Halloween is just around the corner, which means I’m seeing ads and pictures of costumes anywhere. I found this tumblr (http://fucknosexisthalloweencostumes.tumblr.com/) which compares men and women Halloween costumes. Why must all the women’s costumes have to be sexy? Especially when I compare the women’s costume to the men’s. I’m reminded of a Mean Girls quote “In the regular world, Halloween is when children dress up in costumes and beg for candy. In Girl World, Halloween is the one night a year when a girl can dress like a total slut and no other girls can say anything about it.” This just reminds me of the sexualization of the female body. Even before skimpy costumes were manufactured for Halloween, there were women who used Halloween as an excuse to expose themselves. And especially on a college campus, it is now almost expected for girls to be slutty on Halloween. I wonder if the manufactures are male, who are okay with objectifying women because it’s what they want to see, or if it’s just because it’s what sells. All I know is that I’ll be praying to the costume gods that I can find a cute but covered up costume this year.
Lately, I’ve been driving around some of my friends (male of course) who always seem to yell out “Women drivers, no survivors” when someone chooses to cut me off causing my to break immediately.
I wonder, where and how did this stereotype come from? I have seen far worse drivers who were males than i’ve seen females.
Watching this Allstate commercial, though I must say all of them are quite humorous, “Mayhem” is driving a light pink Dodge SUV. The first thing he makes clear is that he is a “typical, teenage girl.” (S)he is driving with the cellphone in his (her) hand and it continues to go off. (S)he immediately finds out that his (her) BFF kissed Johnny, but it’s a problem because (s)he likes johnny, too. “Mayhem” states that (s)he is now emotionally compromised and swerves into a parked car’s bumper.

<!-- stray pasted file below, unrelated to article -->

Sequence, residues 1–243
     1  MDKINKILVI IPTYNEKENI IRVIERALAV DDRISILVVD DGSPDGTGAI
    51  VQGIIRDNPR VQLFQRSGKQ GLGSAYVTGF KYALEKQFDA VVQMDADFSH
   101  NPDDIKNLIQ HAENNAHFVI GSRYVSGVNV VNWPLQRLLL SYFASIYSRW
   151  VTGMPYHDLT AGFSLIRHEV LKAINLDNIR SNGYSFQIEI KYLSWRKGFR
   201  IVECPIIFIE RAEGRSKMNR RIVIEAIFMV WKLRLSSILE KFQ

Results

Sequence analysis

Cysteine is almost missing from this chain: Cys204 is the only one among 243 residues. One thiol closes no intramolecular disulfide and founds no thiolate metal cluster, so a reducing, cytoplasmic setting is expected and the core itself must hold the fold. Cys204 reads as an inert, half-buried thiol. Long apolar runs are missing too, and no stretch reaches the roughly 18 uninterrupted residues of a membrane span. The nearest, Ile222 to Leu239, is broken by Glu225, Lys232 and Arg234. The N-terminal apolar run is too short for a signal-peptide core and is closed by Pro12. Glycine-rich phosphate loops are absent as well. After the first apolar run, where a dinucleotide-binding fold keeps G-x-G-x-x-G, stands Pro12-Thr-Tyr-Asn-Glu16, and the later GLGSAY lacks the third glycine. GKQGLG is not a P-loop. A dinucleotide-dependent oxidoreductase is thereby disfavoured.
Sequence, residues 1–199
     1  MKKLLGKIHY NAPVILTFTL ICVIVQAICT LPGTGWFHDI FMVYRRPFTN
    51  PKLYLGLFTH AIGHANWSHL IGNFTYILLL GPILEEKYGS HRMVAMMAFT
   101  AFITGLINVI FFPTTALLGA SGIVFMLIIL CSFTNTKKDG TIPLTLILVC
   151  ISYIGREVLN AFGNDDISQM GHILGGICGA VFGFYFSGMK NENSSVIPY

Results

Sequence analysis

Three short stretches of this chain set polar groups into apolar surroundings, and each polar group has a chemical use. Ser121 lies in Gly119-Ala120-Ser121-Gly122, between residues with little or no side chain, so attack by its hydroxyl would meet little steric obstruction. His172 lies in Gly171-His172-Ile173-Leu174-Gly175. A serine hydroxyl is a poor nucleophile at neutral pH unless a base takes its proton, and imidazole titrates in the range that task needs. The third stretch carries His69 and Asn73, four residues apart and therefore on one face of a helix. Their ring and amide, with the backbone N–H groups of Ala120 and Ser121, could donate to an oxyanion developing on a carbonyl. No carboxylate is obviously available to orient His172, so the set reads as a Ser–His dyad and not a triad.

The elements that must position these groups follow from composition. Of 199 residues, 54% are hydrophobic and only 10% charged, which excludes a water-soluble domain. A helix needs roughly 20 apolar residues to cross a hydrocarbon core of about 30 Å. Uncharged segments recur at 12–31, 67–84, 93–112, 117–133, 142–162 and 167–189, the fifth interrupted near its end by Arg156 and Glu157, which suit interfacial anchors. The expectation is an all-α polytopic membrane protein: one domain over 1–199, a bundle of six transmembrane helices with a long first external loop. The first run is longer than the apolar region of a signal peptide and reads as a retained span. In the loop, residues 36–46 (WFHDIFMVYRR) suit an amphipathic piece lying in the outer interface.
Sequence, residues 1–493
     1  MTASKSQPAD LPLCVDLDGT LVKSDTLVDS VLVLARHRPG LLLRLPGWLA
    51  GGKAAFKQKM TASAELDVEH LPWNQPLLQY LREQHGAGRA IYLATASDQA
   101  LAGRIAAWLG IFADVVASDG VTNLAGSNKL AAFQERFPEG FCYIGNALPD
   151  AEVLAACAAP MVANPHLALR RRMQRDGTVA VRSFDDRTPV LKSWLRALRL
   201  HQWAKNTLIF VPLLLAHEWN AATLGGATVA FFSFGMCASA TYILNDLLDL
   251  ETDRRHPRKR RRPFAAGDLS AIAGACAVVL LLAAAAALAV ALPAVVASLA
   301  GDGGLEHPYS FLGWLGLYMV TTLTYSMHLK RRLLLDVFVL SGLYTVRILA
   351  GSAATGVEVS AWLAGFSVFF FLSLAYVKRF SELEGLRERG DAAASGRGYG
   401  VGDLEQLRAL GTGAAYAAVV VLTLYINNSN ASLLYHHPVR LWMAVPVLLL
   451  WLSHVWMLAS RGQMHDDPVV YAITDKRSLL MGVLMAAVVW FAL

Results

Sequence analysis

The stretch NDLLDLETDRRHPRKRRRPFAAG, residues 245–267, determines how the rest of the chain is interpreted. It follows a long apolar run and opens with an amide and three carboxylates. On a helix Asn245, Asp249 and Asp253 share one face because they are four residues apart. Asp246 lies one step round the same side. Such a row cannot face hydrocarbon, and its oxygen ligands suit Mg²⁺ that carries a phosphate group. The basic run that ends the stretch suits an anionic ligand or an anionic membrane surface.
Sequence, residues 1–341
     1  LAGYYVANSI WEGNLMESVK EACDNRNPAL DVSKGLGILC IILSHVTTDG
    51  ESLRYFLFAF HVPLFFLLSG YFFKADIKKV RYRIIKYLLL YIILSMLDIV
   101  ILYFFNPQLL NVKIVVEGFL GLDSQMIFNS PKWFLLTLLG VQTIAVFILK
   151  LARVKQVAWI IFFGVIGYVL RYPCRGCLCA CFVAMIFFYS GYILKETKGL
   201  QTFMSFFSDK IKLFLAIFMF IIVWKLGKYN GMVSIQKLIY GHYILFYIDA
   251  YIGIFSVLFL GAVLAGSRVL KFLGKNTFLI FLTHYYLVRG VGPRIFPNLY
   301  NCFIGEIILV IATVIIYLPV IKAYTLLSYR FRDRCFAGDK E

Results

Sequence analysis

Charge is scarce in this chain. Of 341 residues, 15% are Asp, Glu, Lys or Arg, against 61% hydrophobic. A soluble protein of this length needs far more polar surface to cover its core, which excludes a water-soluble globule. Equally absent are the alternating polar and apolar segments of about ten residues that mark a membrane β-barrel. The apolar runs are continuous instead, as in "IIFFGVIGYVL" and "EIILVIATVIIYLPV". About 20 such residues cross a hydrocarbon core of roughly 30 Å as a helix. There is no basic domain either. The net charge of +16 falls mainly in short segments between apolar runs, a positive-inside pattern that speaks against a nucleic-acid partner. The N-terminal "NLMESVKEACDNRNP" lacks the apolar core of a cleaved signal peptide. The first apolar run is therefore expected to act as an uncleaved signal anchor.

I find that this commercial portrays females in a demeaning way. We are viewed as beings that are emotional, reckless, and crazy. I don’t deny that teenagers are reckless when driving, but the commercial makes it clear that it is a female who is driving; The pink car, the use of acronyms (OMG) out loud, and the judgmental cattiness remark of her best friend who is “not even hot.” On that note, we are not all crazy, and we certainly are not all bad drivers!
Lorber, Judith. Reconstructing Gender: A Multicultural Anthology. Ed. Estelle Disch. 4. 2006.
In this 5-Hour Energy commercial, a man accomplished a lot of things – wrote a novel, learned Spanish, ran 10 miles, knit a sweater, recorded an album, etc. This seems to be a fairly non-gendered commercial; he did after all knit a sweater.
However, when compared to what a woman accomplished with her 5-Hour Energy drink in this commercial…
…the ad campaign seems much more sexist. The woman made a sandwich, cleaned the house, gave a Band-Aid, vacuumed, and changed a diaper.
Beauvoir quotes Benda in The Second Sex, “The body of man makes sense in itself quite apart from that of woman, whereas the latter seems wanting in significance by itself… Man can think of himself without woman. She cannot think of herself without man.”
The man who takes 5-Hour Energy is independent, progressive, and self-sufficient. He directs his energy towards bettering himself. The woman who takes 5-Hour Energy directs all of her energy towards cleaning up after and caring for others. As Beauvoir says, the woman does not stand alone; she is defined in her relation to others. She is not spending her energy on herself, on self-improvement, like the man is. She is passive and reactive to others. 5-Hour Energy perpetuates this damaging gender stereotype.
de Beauvoir, Simone. “The Second Sex: Introduction.” Feminist Theory Reader: Local and Global Perspectives. Ed. Carole R. McCann and Seung-Kyung Kim. New York: Routledge, 2003. 32-40. Print.